7 June 2024

Thanks for everything Roxanne, say ANU art students, it's been a real gas

| Sally Hopman
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Woman at glass blowing furnace

Student Isobel Waters opens Roxanne the gas furnace for the last time in the ANU’s glass workshop. Photo: Jamie Kidston/ANU.

Roxanne, you do have to put on the red light … those days are over. Just like the song, at least Canberra’s version, Roxanne is no longer hot stuff.

It’s the end of an era for Canberra’s Roxanne, an old gas-fired furnace that, for almost a decade, has been used to fire up the creative works of students at the ANU’s School of Art and Design Glass Workshop.

Named Roxanne – because that’s the brand name stamped on her front – she’s been a favourite for students and teachers, but according to the head of the ANU’s Glass Workshop, Dr Jeffrey Sarmiento, she’s come to the end of her life cycle.

“We are working to future-proof our workshop,” Dr Sarmiento said.

“We know there is a push in the ACT to eliminate gas, so we are working to lower our carbon footprint. ”

He described Roxanne as the centre of attention when students gathered to work together, so decommissioning her was “a big deal”.

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“For me, I wanted to reach out to the alumni to come back and blow glass for this last time. I wanted to celebrate our community. The ANU glass workshop is internationally famous. Many artists took their first works out of the furnace, so we wanted to give them a reason to come back.”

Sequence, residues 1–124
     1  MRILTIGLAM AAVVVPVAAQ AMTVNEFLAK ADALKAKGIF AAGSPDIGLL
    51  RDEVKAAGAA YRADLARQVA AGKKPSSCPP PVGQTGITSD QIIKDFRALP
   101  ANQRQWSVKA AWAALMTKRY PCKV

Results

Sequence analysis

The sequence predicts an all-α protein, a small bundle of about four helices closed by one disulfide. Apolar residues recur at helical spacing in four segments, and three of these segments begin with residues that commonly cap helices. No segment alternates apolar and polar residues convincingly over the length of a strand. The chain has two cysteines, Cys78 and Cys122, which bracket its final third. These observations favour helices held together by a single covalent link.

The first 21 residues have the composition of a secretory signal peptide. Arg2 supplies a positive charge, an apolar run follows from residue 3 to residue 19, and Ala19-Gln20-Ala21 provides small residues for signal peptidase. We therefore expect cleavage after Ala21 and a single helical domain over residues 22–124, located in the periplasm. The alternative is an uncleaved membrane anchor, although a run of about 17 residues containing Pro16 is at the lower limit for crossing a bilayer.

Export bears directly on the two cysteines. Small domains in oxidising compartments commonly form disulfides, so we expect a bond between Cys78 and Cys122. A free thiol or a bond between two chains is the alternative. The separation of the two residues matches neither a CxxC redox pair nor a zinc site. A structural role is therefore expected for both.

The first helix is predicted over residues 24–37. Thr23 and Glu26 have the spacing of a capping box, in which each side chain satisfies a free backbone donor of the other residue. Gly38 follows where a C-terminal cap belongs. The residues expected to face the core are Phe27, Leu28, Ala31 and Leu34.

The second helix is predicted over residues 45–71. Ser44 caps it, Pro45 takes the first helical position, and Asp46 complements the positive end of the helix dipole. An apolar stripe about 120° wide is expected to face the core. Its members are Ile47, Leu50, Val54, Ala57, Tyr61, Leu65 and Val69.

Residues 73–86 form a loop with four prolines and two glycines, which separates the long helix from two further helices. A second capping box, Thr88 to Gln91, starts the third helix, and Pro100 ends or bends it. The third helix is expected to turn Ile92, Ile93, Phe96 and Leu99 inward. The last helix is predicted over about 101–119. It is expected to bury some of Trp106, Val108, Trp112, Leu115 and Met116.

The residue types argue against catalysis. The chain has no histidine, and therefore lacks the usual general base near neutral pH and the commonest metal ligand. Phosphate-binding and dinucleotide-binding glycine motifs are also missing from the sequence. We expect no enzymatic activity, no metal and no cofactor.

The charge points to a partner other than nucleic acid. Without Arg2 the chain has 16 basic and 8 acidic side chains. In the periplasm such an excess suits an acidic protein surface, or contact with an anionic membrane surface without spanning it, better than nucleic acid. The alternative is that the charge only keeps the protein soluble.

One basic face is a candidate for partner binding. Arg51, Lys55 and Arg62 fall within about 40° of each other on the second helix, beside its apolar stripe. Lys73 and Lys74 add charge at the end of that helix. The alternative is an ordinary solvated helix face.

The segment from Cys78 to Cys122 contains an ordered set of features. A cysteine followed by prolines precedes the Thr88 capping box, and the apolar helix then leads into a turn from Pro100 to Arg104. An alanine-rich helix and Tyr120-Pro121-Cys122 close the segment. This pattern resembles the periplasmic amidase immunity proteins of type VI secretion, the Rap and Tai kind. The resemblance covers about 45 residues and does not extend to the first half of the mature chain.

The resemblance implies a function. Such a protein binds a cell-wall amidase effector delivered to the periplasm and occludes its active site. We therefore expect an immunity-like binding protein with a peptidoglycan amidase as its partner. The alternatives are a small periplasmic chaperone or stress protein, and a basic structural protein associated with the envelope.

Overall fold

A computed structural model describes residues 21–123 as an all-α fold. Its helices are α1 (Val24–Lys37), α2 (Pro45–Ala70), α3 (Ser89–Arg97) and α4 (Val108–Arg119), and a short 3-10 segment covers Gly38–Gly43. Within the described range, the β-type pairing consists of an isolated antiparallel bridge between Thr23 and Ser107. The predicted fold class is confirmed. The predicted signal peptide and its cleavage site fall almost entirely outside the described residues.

The reason, of course, had to be a party.

Graduates from different years were invited to return to the ANU, including two of the country’s leading glassblowers, Annette Blair and Tom Rowney.

“It was wonderful,” Dr Sarmiento said, “and quite rare to have all the graduates come back and for everyone to be in the same room.”

To mark the occasion and Roxanne’s last firing, students past and present were invited to create a work that would go into a large glass vessel as a time capsule.

“We tinted the furnace a special blue colour for the day. We’ve never done that before, but we did it so all the glass that came out would be the same colour. We wanted the colour to mark a poignant time, where everyone who added a piece matched.”

Man near kiln with table of blue glass objects

Dr Jeffrey Sarmiento with the last glass pieces fired in Roxanne and the vessel in which they will be placed in memory of the old kiln. Photo: Catherine Newton.

The vessel created to hold everything weighed more than 7 kg and was almost half a metre tall.

“We wanted it to be this big so it could hold all the pieces,” he said. “But I have to say it was very heavy on the end of the blowing pipe.”

Some of the pieces going into the time capsule included standard works like goblets, bowls and cups, but also some more unusual items like a cactus with a hat, a seahorse and a bird’s skull.

With roof works scheduled for the glass-blowing workshop, the area will close for a semester. During that time, an electric furnace will be installed in the workshop to replace Roxanne.

But she won’t be forgotten. The huge blue vessel, with all the special works inside, will be displayed in a workshop window for all to see.

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